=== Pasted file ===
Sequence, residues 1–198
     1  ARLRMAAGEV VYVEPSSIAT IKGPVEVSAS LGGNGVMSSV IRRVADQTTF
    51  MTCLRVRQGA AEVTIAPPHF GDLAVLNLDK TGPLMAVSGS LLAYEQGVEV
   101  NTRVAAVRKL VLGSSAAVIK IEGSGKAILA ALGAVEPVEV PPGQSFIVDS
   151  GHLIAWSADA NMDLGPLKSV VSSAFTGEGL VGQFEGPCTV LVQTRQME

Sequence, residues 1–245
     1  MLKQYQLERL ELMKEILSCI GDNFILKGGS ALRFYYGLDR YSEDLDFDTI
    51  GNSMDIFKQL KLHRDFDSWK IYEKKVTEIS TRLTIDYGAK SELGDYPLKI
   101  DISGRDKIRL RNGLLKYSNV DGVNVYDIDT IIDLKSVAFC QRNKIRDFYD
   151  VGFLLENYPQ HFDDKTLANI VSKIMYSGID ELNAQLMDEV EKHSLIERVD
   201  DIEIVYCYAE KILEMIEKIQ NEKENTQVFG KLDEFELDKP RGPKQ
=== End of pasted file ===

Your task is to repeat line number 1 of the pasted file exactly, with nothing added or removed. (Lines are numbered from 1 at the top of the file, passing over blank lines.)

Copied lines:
Sequence, residues 1–198